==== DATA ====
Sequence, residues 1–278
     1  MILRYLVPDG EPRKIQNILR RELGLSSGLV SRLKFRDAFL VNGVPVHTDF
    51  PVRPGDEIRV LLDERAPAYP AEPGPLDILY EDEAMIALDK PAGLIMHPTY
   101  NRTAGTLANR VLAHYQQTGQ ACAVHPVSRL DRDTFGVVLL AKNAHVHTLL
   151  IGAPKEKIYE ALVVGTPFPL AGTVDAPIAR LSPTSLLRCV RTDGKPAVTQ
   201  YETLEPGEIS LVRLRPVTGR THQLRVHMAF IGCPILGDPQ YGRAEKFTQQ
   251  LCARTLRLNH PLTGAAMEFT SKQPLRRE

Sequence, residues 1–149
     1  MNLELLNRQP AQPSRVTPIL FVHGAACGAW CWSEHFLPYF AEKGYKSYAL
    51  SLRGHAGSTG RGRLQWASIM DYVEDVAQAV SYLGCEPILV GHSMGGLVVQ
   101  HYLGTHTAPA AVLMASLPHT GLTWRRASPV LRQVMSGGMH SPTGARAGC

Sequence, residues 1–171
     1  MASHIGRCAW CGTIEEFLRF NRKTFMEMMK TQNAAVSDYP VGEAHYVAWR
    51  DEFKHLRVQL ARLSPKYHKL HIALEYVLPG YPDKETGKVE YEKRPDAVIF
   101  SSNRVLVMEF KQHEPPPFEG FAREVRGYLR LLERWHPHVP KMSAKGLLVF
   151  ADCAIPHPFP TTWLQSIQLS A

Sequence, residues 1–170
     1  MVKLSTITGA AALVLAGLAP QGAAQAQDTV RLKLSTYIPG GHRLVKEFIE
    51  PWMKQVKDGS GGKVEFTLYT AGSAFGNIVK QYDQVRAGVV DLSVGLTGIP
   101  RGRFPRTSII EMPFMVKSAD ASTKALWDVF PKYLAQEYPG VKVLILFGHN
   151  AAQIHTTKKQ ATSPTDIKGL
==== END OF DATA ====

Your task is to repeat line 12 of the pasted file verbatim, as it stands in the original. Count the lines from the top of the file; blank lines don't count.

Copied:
Sequence, residues 1–171